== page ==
The color of a rabbit's urine can change slightly in color based on its diet, but as long as the animal is healthy, the color tends to be yellowish or orangish. It can be a concern if you notice a marked change in the color of the urine, especially if it becomes noticeably dark. Brown urine or reddish urine can often be indicative of a health issue that can range from moderate to severe. It's advantageous to regularly look in the bin in which your rabbit urinates, as this can give you an early warning if the pet may require a veterinary checkup. Here are three potential reasons for a change in the rabbit's urine color.
When your rabbit's urine becomes darker, it can often mean that the animal is dehydrated. Try to assess the situation with the pet's drinking water. For example, if you've tasked your child to fill the animal's water each day and they admit to forgetting, there's a good chance that the dehydration could simply be a result of not having enough drinking water. If you make a point of ensuring that the rabbit has an abundant supply of water, you might see an improvement in the urine color. However, if the rabbit has seemingly been consuming a normal amount of water, you'll want to take it to the vet.
High calcium levels in your rabbit can also impact the color of its urine. A rabbit can develop high calcium for a wide range of reasons, including issues in the urinary tract and weight problems. In addition to looking darker, the rabbit's urine may have more of a cloudy appearance than a clear appearance when the pet has a high level of calcium. Your veterinarian can test the rabbit to determine if its calcium is indeed high, and then treat the issue accordingly.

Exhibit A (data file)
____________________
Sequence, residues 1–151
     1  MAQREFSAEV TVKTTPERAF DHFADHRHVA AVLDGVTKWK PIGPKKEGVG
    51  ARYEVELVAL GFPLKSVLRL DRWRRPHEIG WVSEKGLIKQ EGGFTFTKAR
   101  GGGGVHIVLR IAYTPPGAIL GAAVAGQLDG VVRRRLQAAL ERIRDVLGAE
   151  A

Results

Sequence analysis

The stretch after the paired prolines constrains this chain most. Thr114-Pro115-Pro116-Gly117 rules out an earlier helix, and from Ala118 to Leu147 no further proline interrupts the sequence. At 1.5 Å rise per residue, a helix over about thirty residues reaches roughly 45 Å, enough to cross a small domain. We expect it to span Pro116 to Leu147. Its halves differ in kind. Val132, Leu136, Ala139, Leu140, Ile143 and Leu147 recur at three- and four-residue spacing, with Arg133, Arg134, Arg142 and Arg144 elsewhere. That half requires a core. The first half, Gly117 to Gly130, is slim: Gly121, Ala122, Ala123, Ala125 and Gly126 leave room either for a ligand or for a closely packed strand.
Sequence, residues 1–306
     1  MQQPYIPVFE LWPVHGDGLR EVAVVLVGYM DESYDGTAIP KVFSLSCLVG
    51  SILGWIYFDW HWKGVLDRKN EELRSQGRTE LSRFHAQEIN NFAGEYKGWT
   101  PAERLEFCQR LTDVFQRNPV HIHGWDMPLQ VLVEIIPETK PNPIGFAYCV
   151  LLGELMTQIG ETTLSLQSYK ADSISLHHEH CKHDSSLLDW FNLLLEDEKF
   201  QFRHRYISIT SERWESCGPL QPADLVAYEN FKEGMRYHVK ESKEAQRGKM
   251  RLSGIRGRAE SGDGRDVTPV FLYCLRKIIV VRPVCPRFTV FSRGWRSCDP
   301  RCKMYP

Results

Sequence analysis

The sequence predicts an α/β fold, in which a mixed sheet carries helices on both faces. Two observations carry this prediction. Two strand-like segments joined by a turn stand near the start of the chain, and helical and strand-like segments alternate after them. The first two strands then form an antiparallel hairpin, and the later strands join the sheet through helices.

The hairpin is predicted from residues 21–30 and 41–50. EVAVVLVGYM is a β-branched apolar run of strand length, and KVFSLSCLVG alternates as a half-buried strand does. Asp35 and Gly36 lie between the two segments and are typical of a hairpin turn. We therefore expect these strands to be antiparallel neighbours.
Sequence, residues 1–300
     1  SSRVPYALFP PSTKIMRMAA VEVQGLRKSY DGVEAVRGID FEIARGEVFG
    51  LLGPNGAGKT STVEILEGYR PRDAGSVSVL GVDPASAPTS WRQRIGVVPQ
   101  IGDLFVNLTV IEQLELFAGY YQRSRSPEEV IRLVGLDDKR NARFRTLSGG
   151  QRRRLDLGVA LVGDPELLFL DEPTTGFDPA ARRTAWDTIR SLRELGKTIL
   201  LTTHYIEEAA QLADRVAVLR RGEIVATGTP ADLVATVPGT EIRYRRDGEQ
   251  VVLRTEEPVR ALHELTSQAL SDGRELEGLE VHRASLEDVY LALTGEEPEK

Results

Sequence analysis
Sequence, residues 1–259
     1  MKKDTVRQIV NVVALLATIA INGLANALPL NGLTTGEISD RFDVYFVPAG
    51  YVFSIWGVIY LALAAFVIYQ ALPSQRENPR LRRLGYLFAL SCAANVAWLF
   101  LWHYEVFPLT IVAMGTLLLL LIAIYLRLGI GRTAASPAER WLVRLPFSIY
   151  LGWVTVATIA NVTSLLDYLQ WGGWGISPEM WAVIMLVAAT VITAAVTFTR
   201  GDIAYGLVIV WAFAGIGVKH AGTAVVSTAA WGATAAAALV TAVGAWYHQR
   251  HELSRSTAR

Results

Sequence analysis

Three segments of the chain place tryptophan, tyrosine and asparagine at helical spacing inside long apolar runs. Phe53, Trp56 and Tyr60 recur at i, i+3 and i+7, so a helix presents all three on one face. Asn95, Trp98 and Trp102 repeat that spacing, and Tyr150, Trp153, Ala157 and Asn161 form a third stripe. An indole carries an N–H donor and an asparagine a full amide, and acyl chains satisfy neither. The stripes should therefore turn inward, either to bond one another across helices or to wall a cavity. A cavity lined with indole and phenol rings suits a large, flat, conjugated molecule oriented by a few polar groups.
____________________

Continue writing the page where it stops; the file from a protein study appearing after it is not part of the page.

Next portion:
The presence of one or more tumors in the rabbit's body can also cause its urine to darken. A tumor in the urinary system, for example, can have this effect. Sometimes, you might notice slight red marks in the urine, which can indicate the presence of blood. It can be distressing to think that your pet rabbit might have a tumor, but it's important to have a veterinarian assess the animal as soon as possible. If a tumor is indeed present, the veterinarian will discuss your treatment options based on the location and size of the tumor.
Contact a veterinarian near you to learn more.